Do you ever feel this need to live life in scarcity mode rather than one of abundant offering? When I open up our fridge I begin rationing out the food out of fear that I will use up everything too quickly and be without. But what happens in my attempt to control and operate out of scarcity? Food spoils and goes rancid.
Could my attempt of control and mode of scarcity lead to my inability to see the gift in the offering?
I liken my garden as a sacred space. God welcomes me there, and shows me that it’s okay if I burned the landscape fabric holes too closely together. He shows me that it’s okay that I forgot to shade my young seedling plant starts outside to harden only to get scorched by the sun. You see, he isn’t there criticizing my mistakes or taking note of how I didn’t do it right.
He is like the mother who delights in a scraggly, drooping bouquet of dandelions from her child. He doesn’t want us to withhold sharing the gift for fear of not getting enough Instagram “likes.” Rather, he simply wants us to offer up the gift.
Living in a state of scarcity and filling every empty space leaves me clawing my way through life. Out of fear, scarcity creeps in. I live out of it, out of the clawing, the digging deeper, and I run myself ragged. If I can’t offer up my gift perfectly I’d rather hide it away. It leads me to walking the tight rope of perfection, working to achieve a status given to me by people instead of my sweet Jesus.
What is your mode of scarcity, self-preservation and protection?
You see, I know deep in my ache, my empty table, my song unshared, my canvas hidden in my closet, all of this art waiting to be shared as an offering has a risk. A lot of the time, I feel more safe keeping the ache to myself, withholding the bouquet for fear of ridicule. I fear sharing my table because I am a dripping mess.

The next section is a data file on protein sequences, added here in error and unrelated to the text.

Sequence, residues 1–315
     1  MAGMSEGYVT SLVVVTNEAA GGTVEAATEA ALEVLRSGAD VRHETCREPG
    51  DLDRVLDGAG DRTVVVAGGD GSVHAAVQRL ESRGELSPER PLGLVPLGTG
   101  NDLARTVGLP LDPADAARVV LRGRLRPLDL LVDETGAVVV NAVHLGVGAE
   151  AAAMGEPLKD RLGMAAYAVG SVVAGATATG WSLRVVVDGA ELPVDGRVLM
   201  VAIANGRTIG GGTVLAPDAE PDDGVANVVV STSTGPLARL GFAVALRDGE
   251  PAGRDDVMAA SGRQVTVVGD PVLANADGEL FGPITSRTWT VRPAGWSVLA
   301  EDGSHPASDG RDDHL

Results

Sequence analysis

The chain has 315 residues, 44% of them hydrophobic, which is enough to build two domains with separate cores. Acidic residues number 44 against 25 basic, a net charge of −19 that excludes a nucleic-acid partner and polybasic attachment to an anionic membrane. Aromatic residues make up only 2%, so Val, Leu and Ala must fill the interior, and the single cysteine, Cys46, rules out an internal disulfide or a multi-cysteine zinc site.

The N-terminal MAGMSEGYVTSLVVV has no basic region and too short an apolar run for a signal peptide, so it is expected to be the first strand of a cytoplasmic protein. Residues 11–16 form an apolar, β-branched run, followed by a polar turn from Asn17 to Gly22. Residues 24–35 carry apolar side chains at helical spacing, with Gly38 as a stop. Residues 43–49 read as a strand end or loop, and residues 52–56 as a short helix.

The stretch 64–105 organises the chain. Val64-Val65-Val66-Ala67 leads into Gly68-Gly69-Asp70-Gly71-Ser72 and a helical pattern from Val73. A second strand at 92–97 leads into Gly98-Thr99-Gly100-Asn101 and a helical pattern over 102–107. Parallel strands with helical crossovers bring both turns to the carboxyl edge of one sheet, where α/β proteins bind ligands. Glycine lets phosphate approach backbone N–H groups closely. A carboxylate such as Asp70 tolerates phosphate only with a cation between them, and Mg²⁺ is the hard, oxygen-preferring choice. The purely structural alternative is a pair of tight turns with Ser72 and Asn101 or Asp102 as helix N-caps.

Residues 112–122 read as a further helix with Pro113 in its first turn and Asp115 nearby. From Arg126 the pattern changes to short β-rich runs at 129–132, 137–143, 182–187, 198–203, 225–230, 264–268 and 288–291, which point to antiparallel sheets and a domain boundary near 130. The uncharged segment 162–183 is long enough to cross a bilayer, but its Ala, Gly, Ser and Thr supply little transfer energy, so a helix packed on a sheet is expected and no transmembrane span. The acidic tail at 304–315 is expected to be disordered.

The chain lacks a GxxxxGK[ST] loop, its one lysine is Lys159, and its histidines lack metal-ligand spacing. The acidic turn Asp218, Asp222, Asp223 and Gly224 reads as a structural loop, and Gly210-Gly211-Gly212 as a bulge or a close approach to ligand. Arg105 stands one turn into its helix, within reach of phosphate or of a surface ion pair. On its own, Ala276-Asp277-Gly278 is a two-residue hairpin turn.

But what if instead of operating out of a mode of scarcity, we began to see the abundance we have in our broken hallelujahs?
I offer up this prayer for those of us who need the Potter’s hands to transform our clay souls of scarcity into a vessel of abundance:
Lord, Our Maker,
Our blank canvases, our clay caked garden souls don’t overwhelm you.
As we, your children scurry, trying to clean up our mess,
You patiently stand there waiting for us to invite you in.
Oh Father, you delight in helping us, even when we make the mess.
We binge eat our art, hoard our offerings in our closets, because we have believed Satan’s lie, “You Are Not Enough.”
Oh Father, we invite you into our art studios, our gardens, our kitchens, into the bedroom of our souls, where we take the muck and the mire, and offer it up like the wretched man who beat his chest and cried to you, “I’m not worthy.”
You called this worship.
You are the one who provided honey out of the carcass of the lion.
You are the one who gave the woman at the well a new name.
You are the one who opens up our closets and pulls out the ashes to make beauty.
You are the one who turns deserts into gardens.
May we not hoard our art, our stories for fear of rejection.
Rather, may we freely offer out of abundance, because You are the Good Shepherd who never leaves anything to waste.
You prepare the table before us and you invite us to come to eat with you.